'Tie Your Dream to Mine', which was written by Van Stephenson (Wednesday 4 November 1953 - Sunday 8 April 2001), Dave Robbins, Jeff Silbar and Sam Lorber (No.24, 1982)

Marty Robbins' 'Come Back to Me' (Columbia Records, 1982) also included the following tracks:

'It's Not All Over'
'An American Dream' (written by Rodney Crowell)
'Here Your Memory Comes Again'
'First Song That Wasn't the Blues'
'Prayin' For Rain'
'That's All She Wrote'
'Tie Your Dreams to Mine'
'If Her Blue Eyes Don't Get You'
'Lover, Lover'

Marty Robbins' 'Come Back to Me' (Columbia Records, 1982)was produced by Bob Montgomery (Wednesday 12 May 1937 - Thursday 4 December 2014).

Marty Robbins' 'The Legend' (Columbia Records, 1981) and Marty Robbins' 'Come Back to Me' (Columbia Records, 1982) are available for the first time on CD.

Morello Records Releases: April 2013

George Jones: 'Jones Country & You've Still Got a Place in My Heart' (Morello Records, 2013)

On Monday 15 April 2013Morello Records released George Jones'Jones Country & You’ve Still Got a Place in My Heart' (Morello Records, 2013) as MRLL13.

Two original studio albums from the greatest voice in country music.

George Jones: 'Jones Country' (Epic Records, 1983)

George Jones' 'Jones Country' (Epic Records, 1983), which was released in 1983, was a fine album, but has the strange distinction of having the single 'Radio Lover', which was written by Curly Putman (Thursday 20 November 1930 - Sunday 30 October 2016), Ron Hellard and Bucky Jones, released six years later (No.62, 1989).

Ray Charles: 'Friendship' (Columbia Records, 1984)

At the time of the release of George Jones' 'Jones Country' (Epic Records, 1983), his record company were just about to issue the smash hit duet with Ray Charles (Tuesday 23 September 1930 - Thursday 10 June 2004) & Chet Atkins (Friday 20 June 1924 - Saturday 30 June 2001), 'We Didn’t See a Thing' (No.6, 1984), from Ray Charles' 'Friendship' (Columbia Records, 1984) album.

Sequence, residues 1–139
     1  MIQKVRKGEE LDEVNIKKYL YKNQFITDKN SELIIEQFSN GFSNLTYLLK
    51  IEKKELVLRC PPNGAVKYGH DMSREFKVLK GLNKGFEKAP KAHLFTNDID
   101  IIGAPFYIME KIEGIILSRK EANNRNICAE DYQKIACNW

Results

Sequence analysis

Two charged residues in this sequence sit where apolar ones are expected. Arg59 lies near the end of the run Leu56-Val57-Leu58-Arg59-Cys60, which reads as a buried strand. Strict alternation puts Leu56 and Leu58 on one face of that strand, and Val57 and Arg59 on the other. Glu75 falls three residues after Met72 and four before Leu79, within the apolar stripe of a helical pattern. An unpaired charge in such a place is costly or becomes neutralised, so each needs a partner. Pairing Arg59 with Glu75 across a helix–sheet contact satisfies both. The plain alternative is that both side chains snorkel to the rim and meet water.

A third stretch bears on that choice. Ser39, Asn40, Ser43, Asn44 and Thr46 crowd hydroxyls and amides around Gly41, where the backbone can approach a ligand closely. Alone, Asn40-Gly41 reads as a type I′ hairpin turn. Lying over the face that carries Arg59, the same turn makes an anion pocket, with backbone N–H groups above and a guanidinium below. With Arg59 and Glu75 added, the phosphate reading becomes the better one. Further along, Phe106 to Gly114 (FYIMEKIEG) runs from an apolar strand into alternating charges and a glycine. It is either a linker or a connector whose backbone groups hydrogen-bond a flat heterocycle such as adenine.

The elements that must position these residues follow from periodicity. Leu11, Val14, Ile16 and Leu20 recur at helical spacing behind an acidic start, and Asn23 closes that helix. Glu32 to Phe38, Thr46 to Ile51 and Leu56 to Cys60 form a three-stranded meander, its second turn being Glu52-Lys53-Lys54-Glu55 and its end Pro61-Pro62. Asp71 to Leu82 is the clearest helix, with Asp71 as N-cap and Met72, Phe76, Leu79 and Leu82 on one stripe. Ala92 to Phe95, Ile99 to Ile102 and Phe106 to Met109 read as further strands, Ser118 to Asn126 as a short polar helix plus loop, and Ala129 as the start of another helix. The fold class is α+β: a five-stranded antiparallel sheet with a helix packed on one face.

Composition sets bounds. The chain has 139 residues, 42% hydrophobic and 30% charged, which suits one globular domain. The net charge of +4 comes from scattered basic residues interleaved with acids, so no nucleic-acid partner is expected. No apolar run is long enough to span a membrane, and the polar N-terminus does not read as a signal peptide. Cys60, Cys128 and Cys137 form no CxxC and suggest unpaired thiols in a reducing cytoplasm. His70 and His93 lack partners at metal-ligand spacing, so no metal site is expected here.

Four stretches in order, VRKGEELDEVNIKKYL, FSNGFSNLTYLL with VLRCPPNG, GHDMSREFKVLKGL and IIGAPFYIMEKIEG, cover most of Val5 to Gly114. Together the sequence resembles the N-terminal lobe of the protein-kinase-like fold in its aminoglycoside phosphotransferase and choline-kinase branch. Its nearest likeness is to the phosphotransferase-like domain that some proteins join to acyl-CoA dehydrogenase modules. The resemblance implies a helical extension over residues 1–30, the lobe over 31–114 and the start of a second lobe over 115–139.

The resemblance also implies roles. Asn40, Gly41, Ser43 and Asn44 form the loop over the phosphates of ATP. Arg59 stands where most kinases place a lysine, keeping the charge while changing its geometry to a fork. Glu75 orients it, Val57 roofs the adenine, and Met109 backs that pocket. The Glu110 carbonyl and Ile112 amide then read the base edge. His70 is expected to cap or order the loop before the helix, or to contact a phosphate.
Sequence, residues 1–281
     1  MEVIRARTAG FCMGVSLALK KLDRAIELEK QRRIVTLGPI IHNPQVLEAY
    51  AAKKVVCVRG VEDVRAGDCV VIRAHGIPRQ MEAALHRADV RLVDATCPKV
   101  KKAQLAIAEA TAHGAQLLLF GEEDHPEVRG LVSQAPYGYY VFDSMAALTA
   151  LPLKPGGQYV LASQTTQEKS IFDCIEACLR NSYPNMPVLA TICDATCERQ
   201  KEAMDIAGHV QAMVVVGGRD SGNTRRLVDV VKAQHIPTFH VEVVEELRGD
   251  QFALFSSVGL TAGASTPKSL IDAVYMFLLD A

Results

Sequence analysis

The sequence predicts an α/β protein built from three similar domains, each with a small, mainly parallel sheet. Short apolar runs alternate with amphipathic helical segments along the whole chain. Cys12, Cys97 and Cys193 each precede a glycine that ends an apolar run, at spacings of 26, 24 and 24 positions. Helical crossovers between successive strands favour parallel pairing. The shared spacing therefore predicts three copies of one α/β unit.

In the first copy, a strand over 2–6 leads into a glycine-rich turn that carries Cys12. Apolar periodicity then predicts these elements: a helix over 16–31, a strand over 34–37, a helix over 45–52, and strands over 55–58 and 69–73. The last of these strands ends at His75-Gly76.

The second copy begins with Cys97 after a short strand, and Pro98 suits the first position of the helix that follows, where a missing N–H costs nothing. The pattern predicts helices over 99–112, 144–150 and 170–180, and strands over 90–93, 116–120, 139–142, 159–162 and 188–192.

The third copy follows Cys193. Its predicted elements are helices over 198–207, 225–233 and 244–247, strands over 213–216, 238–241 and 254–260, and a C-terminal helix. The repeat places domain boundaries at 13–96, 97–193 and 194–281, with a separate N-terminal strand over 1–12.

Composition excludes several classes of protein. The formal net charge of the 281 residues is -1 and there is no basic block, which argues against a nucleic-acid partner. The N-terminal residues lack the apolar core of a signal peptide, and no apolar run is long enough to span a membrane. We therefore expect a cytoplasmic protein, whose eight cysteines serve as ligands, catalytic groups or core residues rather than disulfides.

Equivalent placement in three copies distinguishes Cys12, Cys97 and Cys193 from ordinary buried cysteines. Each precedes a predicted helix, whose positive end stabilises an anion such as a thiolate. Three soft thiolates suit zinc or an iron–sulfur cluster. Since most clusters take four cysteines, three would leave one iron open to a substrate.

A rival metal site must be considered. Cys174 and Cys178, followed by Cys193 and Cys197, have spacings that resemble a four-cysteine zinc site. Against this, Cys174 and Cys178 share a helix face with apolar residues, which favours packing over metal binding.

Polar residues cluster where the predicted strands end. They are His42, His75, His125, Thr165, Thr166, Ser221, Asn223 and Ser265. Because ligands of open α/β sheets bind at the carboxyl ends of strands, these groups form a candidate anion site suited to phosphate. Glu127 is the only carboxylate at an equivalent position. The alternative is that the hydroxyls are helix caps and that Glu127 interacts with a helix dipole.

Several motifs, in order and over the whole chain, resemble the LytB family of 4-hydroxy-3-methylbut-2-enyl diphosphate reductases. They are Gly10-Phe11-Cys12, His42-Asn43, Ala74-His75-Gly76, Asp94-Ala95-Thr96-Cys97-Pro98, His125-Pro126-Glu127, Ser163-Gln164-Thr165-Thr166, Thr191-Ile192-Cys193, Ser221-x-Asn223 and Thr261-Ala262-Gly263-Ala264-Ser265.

This could have been the reason for no initial single releases from George Jones' 'Jones Country' (Epic Records, 1983).

The album's name was taken from an outdoor music park, operated and owned by George Jones (Saturday 12 September 1931 - Friday 26 April 2013) in Texas, near his birthplace, between the years 1983 and 1988.

George Jones' 'Jones Country' (Epic Records, 1983) included the following tracks:

'Dream On' (written by Dennis Lambert and Brian Potter)
'Hello Trouble', which was written by Orville Couch (Thursday 21 February 1935 - Sunday 26 May 2002) and Eddie McDuff (Thursday 20 June 1935 - Friday 3 May 1968)
'Burning Bridges' (written by Walter Scott)
'Wino The Clown', which was written by Curly Putman (Thursday 20 November 1930 - Sunday 30 October 2016), Ron Hellard and Bucky Jones
'You Must Have Walked Across My Mind Again', which was written by Wayne Kemp (Sunday 1 June 1941 - Monday 9 March 2015) and Warren D. Robb
'I'd Rather Die Young' (written by Beasley Smith, Billy Vaughn and Randy Wood)
'Girl at The End of The Bar', which was written by John Anderson and Lionel Alton Delmore (Tuesday 19 March 1940 - Monday 20 May 2002)
'One of These Days (But Not Tonight)' (written by Earl Montgomery)